The search for a route through the Rockies and the Selkirk Mountains was long and difficult. In 1881, Major A.B. Rogers was asked to find a passage through the Selkirks. If he succeeded, the Canadian Pacific Railway promised him $5,000 and would name the pass after him. Rogers sent his 21-year-old nephew, Albert, to explore a route called the Kicking Horse Pass from the western side, while he tried another route called Howse Pass. After Albert failed to arrive at camp, a search party was sent out. He was found half-starved and exhausted. Rogers declared that the Kicking Horse Pass was the pass through the Rockies that the railway should use. He abandoned his exploration of the Howse Pass. He had his doubts though, for he had only found half of the route. Was there a route through the Selkirks? After many ordeals and nearly starving to death, Rogers found his pass through the Selkirks on July 24, 1882. It is known today as Rogers Pass.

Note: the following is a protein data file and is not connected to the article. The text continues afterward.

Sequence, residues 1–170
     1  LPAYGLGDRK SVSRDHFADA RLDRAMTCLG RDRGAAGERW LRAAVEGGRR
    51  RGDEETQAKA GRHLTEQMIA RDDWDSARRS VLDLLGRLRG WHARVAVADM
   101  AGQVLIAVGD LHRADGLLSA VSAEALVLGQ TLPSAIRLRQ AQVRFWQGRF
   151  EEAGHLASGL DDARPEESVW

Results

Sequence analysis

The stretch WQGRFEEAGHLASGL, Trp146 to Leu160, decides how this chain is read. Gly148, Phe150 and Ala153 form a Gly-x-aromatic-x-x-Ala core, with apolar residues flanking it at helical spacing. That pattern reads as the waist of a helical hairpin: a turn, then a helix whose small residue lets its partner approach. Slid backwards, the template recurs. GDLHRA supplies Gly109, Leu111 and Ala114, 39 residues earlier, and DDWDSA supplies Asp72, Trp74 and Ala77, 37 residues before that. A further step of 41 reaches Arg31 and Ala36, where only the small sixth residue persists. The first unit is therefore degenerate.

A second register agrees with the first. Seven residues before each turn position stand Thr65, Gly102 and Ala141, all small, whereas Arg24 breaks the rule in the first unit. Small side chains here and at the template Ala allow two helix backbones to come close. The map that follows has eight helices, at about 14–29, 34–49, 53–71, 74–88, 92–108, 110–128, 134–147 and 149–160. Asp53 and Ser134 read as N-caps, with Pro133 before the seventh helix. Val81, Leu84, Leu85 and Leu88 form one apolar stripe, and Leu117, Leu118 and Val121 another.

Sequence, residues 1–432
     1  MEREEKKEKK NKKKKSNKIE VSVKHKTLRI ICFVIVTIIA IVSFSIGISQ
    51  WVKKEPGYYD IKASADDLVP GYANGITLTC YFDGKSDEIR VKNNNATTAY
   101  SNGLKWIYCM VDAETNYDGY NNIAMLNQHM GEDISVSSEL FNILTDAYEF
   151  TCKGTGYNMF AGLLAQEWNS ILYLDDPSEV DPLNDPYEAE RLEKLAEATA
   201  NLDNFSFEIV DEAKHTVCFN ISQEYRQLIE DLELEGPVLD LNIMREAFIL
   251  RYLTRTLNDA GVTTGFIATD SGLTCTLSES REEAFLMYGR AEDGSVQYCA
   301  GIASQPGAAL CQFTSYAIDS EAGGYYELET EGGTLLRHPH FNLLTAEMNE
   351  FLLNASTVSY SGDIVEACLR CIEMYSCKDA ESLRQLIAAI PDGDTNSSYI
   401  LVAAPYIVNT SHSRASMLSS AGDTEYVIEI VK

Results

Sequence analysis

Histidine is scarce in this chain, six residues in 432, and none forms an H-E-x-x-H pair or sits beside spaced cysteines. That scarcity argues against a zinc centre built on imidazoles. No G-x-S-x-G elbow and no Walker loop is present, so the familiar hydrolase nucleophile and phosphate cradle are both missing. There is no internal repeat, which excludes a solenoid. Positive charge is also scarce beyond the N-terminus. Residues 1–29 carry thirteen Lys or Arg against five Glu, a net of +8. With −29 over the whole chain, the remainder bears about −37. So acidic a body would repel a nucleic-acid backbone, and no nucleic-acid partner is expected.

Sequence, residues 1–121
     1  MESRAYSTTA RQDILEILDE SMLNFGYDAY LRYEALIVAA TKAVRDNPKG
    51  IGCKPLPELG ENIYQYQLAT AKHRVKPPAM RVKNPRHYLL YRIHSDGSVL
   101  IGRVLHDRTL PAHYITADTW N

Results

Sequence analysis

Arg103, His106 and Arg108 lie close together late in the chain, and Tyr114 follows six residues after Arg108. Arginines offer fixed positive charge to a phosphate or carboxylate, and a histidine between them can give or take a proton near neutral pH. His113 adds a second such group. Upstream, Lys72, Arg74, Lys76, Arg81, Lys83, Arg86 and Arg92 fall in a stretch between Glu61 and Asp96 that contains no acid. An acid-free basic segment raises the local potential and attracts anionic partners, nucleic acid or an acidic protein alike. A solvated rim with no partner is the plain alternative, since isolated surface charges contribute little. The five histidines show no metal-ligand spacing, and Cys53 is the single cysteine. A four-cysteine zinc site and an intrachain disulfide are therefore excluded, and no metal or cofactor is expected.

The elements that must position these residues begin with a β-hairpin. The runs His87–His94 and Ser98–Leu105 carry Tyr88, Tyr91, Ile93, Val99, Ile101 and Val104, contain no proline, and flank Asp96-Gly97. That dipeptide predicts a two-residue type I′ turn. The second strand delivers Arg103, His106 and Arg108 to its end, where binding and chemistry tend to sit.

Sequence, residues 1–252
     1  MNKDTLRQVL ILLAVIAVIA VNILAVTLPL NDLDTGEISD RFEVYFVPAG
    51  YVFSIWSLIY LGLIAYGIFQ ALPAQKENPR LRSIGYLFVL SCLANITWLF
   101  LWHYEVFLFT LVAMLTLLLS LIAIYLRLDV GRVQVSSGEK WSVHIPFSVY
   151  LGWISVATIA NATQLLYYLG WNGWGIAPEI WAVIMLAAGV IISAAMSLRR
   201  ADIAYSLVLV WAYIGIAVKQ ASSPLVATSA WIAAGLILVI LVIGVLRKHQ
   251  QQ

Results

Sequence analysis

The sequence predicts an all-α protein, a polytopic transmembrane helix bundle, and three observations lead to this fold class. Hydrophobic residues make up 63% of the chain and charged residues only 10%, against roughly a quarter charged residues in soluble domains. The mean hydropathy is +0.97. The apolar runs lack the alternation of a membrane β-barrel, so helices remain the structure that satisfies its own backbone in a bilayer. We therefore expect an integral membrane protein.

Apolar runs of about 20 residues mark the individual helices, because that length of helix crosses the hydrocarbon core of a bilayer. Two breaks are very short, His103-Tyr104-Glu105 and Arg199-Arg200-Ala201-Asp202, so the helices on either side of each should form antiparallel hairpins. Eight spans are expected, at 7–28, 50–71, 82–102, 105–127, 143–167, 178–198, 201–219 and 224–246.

Rogers Pass in the Selkirk Mountains, around 1888
Mount Macdonald and Rogers Pass Station on the Canadian Pacific Railway, British Columbia, around 1890
Kicking Horse Pass was found by Dr. James Hector. The pass got its name because Hector was kicked in the chest by a packhorse and knocked unconscious for several hours. He carried on with the expedition the next day, discovered the pass and named it after his accident. It is still called the Kicking Horse Pass today.
Inside Mount Stephen tunnel looking up Kicking Horse Pass, British Columbia, around 1888
Railway safety switch located in Mount Stephen, British Columbia, around 1888
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